Selina lives in two worlds and travels back and forth between them in a literal sense. The first one is the old and familiar one of her Barbadian neighborhood, the Association of Barbadian Homeowners and Businessmen.  She has always felt contempt and pity for the younger Barbadians who fail to rebel, or to rebel successfully against the narrowness and materialism of the older generation. The conventional and cultural confines always disrupt the growth of her personality and make herself be relentless all the time. In this regard, Troester makes an appropriate observation “Other mothers provide a safety valve and sounding board and release the teenage girl from the confines of a single role model. They can be gentle and affectionate where the blood mother must be the stem and demanding thus showing the diversity available to Black womanhood”.(97)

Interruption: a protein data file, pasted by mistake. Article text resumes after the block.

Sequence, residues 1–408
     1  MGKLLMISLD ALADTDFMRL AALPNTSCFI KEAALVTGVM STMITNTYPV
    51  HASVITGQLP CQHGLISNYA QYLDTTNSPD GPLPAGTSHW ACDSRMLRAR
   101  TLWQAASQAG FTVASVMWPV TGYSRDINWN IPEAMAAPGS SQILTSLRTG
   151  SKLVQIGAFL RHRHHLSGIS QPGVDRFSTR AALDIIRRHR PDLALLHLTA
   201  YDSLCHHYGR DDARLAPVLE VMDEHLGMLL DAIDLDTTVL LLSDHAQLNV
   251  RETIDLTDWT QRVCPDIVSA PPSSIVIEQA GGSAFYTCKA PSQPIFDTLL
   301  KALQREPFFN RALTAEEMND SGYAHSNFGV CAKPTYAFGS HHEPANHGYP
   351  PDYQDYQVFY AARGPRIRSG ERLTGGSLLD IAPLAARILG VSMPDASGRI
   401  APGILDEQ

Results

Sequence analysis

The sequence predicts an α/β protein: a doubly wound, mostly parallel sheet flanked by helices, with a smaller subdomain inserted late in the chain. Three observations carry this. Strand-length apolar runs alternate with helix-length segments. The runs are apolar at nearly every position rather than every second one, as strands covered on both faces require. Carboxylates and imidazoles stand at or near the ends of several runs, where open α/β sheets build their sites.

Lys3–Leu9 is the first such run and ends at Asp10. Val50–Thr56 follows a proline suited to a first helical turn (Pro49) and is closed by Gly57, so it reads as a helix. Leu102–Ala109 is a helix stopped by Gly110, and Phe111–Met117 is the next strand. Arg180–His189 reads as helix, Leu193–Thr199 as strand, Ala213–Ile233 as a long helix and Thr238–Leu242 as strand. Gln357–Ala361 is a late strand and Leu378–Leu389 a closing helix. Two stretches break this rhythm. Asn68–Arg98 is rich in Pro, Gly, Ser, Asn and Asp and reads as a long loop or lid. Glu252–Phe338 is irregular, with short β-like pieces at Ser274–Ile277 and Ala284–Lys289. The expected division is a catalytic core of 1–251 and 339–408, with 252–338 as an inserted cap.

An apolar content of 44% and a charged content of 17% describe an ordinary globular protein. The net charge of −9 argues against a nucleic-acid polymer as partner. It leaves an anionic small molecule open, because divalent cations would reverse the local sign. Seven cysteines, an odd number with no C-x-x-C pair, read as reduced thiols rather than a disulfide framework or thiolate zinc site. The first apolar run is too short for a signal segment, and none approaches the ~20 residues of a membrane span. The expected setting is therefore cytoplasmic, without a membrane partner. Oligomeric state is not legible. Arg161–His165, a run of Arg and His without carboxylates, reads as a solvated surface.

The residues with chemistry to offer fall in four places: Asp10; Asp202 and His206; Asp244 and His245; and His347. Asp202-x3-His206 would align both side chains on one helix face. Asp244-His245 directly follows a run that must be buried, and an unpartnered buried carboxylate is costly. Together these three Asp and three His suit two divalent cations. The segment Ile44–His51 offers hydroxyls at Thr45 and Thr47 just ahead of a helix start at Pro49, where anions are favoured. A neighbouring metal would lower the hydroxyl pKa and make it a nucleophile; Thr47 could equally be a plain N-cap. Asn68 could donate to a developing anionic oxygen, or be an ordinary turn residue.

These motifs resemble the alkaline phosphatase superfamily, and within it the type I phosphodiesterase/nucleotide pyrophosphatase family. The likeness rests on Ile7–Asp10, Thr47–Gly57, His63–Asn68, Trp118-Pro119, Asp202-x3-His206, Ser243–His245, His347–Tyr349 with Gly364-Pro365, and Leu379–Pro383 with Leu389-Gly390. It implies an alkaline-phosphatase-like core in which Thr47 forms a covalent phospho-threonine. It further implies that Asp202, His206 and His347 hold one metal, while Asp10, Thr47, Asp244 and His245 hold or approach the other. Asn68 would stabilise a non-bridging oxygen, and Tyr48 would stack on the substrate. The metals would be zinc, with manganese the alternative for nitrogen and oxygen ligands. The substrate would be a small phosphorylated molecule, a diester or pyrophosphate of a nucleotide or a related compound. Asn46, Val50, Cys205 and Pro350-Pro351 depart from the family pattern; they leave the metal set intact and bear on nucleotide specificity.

Selina is not a marginal figure at the center of the stage when she performs her dance at her college. She feels that she has a sense of communion, of being truly part of a community at last.  So, the context of this dance is particularly significant for Selina's development. It is a typical cycle of life that she enacts. She is not primarily a child of immigrants, or Barbadians, or black, or female, but a human being. Eugenia Collier sums up the point more succinctly “The gesture, then assets a synthesis-Selina is Barbadian, American African: she is one with the people stolen from their homeland and with those remained, one with the survivors of the dread ships, Selina is all of these. Selina has traversed a rugged path from alienation to oneness with her people and the flying bangle goes to testify that wisdom of hers”. (19)